Most of Charlie Wheeler's guitar heroes are dead.
"All my idols are gone — almost. B.B. just died, Stevie died, Jerry died, Jimi died ... they all died. But Buddy's still around," Wheeler says.
This weekend, he'll get to perform with his band, the Charlie Wheeler Trio, just hours before one of his last living inspirations, Buddy Guy, takes the stage at this year's Pittsburgh Blues Festival.
As the Greater Pittsburgh Community Food Bank's flagship event, the Pittsburgh Blues Festival bridges the gap between community outreach and top-shelf blues talent at Hartwood Acres. This year's lineup, like most in its 21-year history, includes premier national blues performers like Guy, Bobby Rush and Marcia Ball, along with local artists such as Wheeler, Stevee Wellons Band and Pittsburgh Blues Revival.
Alyssa Jurewicz-Johns, the food bank's director of corporate and community engagement, credits Ron "Moondog" Esser for stringing together successful lineups year after year. Esser, who also owns venerable Blawnox blues bar Moondog's, has been helping to organize Pittsburgh Blues Festival lineups for 20 years, and he must leverage a small bankroll to book artists after they have announced their touring schedules.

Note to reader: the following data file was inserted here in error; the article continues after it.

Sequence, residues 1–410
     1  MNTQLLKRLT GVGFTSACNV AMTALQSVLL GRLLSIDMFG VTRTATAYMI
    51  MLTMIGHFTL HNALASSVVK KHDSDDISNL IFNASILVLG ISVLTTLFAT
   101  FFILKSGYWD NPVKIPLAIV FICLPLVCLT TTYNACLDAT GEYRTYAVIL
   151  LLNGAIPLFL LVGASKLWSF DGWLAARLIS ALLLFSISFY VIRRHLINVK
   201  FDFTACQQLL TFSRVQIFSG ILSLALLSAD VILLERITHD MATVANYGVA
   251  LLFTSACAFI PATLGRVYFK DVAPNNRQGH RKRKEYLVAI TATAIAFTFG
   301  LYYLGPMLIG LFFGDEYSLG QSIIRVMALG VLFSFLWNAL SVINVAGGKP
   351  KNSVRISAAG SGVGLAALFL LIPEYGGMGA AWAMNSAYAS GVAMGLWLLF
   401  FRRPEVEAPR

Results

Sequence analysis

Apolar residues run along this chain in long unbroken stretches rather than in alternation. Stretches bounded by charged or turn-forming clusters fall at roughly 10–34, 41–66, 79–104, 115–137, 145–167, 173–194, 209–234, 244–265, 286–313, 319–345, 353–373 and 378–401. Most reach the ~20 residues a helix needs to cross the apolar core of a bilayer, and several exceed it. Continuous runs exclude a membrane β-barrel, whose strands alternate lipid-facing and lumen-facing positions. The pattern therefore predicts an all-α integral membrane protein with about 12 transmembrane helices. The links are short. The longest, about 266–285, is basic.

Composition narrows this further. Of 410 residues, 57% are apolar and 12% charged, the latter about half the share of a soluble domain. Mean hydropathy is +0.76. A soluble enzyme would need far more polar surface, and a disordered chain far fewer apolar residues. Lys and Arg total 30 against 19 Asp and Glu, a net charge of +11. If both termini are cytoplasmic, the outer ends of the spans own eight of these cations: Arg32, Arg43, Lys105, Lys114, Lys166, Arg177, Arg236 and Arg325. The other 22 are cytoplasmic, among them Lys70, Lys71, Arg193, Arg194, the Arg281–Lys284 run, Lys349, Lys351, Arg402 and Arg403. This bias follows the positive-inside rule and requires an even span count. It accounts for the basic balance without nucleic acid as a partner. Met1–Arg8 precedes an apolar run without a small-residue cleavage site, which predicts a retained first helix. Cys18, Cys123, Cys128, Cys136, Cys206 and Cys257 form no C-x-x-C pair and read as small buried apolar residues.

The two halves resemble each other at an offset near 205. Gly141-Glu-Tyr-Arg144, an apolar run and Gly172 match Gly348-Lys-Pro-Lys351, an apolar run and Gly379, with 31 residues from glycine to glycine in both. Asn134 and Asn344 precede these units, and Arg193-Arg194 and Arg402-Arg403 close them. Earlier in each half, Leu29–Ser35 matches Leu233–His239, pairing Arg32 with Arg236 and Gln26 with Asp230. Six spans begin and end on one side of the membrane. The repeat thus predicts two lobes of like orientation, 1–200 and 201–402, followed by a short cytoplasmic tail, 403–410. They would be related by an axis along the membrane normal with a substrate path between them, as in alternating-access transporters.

"We've got limited funds, and we really have to make them stretch," Jurewicz-Johns says. "I'm here to say that Ron Esser has worked miracles with our small budget over the years."
But despite its budget, the Pittsburgh Blues Festival has raked in a staggering amount of donations. Since launching in 1994, the festival has generated 10 million meals for the food bank. While Saturday and Sunday are ticketed events, Free Friday allows free admission with a bag of non-perishable items — and averages a total of 20,000 to 30,000 pounds of food per year.
Jurewicz-Johns credits a vast team of volunteers for making the festival possible, in addition to the internal staff and sponsors responsible for putting it on. She notes that the thematic relationship between the food bank's work and the blues make it more evocative than the average music festival.
"The blues connects with suffering — sad songs about suffering. It just really resonates with our mission," Jurewicz-Johns says.